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There is a way forward without the unsettling and destabilizing cutbacks being made by the Pallister government

On Friday, April 17, Dougald Lamont and the Manitoba Liberals outlined an approach which will allow Manitoba and our municipalities to move forward in a more positive way without having the destabilizing Pallister cutbacks.  Our press release is below: 
WINNIPEG - Dougald Lamont, Leader of the Manitoba Liberal Party and MLA for St. Boniface, says the Federal Government can avoid austerity and stabilize the economy by having the Bank of Canada directly provide financing to all three levels of government.
Lamont pointed to the example of the UK, where The Bank of England has started financing the UK government's operations to help cope with the downturn due to the COVID-19 pandemic. A number of prominent economists, including Nouriel Roubini, Mariana Mazzacatto, and the Financial Times have all endorsed having central banks directly provide funding to governments. The Financial Times and others have pointed out that it means lowered borrowing costs.
Lamont said there is no need for the Pallister Government's threats of deeper layoffs and cuts, or refusal to assist small businesses. Under a direct financing plan, provinces and municipalities would cover their costs and even increase investments in order to rebuild the economy after the pandemic passes.
Lamont said the Bank of Canada should:
• Buy some of Manitoba Hydro's debt to ensure the Crown Corporation stays solvent, public and can keep electricity prices low
• Lend directly to provinces and municipalities to prevent public sector layoffs, and ensure governments have resources to help small business
The Bank of Canada is already buying old federal, provincial and municipal debts - but from investors, and not directly from governments.
"People are afraid of COVID's impact on the economy. But let's be clear, there is no need for brutal austerity and cuts, no need for massive foreign loans, and no need for massive tax hikes if we follow the example of the UK and borrow from ourselves," said Lamont.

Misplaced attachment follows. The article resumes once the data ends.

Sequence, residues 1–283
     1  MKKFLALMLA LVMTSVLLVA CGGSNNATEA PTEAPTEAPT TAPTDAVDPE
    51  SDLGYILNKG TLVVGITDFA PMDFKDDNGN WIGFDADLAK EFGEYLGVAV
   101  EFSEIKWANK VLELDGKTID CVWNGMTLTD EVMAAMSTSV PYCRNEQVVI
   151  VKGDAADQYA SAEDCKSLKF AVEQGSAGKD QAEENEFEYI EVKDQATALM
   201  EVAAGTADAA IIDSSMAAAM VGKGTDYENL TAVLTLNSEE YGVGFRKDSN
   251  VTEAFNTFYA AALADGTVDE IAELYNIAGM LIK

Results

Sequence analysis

Pallister and all the Premiers have written a letter asking the Federal Government to "co-sign" their debt. Lamont says the Premiers' request doesn't go far enough and that direct Bank of Canada financing needs to be considered to keep borrowing costs low.
Lamont says that while the Province of Manitoba has done virtually nothing except offer deferrals and loans, the Federal Government has announced many programs that will help - but much of it is loans, deferrals and bailouts for the financial sector.
While millions of Canadians are out of work and thousands of small businesses are facing insolvency, Canada Mortgage and Housing (CMHC) is giving Canada's banks $150-billion, and the Bank of Canada is buying $200-billion bonds to keep bond prices higher and banks can keep lending.
Lamont says the Bank of Canada and CMHC's measures won't help the economy because it bails out investors and lenders - not the affected businesses and individuals.
"Governments, people and businesses all need money. But instead, the Bank of Canada and CMHC are saying, 'well, we gave $350-billion in free money to banks, borrow it from them.' What we are saying is give people, small businesses, farmers and governments the money, let them pay the banks."


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